It is important to realise that archaeological excavations are not an end in themselves. Excavations are really just the gathering of archaeological evidence. This evidence needs to be analysed to make sense of what the archaeological remains mean. So the archaeological fieldwork – such as the evaluation which first discovered that there was archaeology here at Carnoustie, the monitored stripping of topsoil which revealed the extent of archaeology and the excavation which recorded the archaeological remains and recovered the archaeological arefacts – this is just the beginning of a long process of investigation.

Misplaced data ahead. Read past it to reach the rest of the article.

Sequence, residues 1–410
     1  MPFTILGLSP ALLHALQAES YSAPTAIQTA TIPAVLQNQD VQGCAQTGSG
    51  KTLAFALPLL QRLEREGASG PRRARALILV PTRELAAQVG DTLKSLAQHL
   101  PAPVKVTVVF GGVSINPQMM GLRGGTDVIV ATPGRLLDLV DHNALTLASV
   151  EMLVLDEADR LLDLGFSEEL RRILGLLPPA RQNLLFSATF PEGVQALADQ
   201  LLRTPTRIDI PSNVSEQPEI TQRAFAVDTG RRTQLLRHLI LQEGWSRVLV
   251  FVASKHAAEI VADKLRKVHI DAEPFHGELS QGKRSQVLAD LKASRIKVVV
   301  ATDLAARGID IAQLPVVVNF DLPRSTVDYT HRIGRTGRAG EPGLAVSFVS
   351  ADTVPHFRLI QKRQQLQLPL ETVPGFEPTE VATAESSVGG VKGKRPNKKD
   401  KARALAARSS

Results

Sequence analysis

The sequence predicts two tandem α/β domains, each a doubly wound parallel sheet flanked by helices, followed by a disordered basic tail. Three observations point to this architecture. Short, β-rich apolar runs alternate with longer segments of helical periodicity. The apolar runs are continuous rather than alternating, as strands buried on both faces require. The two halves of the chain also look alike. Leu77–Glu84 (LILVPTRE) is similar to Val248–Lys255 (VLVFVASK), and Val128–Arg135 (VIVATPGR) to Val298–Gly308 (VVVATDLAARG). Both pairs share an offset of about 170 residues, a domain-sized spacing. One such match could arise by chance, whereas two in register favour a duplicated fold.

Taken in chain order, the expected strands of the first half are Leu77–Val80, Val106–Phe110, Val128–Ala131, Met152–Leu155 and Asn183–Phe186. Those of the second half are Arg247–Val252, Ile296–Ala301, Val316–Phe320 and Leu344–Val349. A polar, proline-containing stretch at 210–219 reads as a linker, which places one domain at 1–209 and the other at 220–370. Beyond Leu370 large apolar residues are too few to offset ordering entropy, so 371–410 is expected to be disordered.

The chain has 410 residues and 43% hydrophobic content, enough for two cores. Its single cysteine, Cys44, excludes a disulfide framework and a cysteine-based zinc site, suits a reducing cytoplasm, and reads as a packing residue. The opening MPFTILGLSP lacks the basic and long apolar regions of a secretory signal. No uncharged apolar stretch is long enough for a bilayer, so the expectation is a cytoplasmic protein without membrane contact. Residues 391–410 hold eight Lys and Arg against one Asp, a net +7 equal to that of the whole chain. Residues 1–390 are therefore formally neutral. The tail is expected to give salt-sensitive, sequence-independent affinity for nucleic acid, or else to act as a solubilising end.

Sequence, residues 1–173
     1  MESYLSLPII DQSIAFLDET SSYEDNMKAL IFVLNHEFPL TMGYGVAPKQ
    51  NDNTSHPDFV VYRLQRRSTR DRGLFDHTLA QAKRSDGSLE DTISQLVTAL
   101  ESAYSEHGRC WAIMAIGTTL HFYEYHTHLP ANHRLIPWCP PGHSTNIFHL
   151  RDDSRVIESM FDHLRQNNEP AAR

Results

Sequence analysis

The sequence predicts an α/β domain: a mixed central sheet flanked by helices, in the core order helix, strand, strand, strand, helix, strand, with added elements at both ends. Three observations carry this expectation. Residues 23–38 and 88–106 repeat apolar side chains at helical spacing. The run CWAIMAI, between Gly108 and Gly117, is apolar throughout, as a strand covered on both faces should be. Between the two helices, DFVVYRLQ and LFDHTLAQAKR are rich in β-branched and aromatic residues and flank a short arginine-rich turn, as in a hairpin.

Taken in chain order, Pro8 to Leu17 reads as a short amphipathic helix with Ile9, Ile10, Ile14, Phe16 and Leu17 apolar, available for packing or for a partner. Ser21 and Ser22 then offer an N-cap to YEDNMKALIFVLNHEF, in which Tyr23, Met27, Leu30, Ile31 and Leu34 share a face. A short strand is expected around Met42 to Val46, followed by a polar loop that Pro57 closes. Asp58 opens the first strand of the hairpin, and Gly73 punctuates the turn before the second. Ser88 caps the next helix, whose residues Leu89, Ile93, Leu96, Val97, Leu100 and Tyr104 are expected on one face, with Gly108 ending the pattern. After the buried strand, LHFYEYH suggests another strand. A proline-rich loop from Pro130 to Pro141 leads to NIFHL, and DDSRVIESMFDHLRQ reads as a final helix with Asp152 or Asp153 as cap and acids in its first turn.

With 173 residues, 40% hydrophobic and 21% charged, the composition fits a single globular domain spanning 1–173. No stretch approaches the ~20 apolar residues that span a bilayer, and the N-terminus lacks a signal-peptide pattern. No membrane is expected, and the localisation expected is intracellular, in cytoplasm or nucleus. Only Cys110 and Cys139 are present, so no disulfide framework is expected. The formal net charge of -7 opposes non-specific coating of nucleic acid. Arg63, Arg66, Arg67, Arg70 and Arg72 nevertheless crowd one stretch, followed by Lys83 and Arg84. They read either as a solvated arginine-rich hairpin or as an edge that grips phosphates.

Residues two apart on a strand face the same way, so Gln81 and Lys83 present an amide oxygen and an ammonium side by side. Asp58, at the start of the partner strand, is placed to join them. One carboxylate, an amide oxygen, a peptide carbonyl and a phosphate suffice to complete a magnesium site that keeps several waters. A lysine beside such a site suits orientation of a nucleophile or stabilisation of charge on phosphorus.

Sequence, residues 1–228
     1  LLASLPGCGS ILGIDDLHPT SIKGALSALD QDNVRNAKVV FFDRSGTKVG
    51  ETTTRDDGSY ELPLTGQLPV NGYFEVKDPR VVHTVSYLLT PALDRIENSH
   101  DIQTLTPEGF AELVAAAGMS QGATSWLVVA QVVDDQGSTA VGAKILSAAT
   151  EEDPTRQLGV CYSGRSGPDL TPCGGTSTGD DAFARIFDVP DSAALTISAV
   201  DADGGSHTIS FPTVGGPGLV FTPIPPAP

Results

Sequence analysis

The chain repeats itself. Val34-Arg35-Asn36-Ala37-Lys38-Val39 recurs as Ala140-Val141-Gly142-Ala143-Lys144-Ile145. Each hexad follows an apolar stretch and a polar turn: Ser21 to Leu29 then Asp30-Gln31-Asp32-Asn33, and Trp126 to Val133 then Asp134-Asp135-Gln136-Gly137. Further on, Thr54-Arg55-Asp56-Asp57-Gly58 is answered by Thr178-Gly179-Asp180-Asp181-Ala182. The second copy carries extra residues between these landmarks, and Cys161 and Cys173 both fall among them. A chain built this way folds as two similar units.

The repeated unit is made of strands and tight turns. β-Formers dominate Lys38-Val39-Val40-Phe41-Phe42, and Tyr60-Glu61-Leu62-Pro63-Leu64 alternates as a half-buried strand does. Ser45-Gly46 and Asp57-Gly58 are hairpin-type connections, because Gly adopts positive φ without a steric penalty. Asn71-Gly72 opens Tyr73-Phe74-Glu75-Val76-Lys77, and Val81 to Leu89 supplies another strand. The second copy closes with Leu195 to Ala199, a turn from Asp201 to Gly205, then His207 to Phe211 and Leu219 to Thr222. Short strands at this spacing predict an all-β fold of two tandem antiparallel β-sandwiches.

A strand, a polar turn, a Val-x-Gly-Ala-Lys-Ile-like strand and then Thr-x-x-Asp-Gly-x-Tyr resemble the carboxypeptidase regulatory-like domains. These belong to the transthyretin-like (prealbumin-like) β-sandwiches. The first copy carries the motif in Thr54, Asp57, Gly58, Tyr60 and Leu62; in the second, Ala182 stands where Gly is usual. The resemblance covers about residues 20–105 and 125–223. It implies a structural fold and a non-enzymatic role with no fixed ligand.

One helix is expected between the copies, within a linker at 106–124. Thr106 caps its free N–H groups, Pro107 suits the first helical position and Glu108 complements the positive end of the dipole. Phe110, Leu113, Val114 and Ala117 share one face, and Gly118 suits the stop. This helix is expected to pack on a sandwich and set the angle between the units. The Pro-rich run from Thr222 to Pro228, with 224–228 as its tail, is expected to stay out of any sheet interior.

Therefore the first thing archaeologists do once they have completed an excavation, is to prepare an interim report. This is called a Data Structure Report and provides the initial results of the fieldwork. The main purpose of this report is to provide a record of the archaeological features that have been excavated, showing where these features are and offering preliminary interpretation. The Carnoustie excavation interim report, which was completed in June 2017, is important for the subsequent specialist analyses of the finds because it shows exactly where each artefact was found and allows us to gradually build up a picture of how and when the various archaeological features were created and abandoned.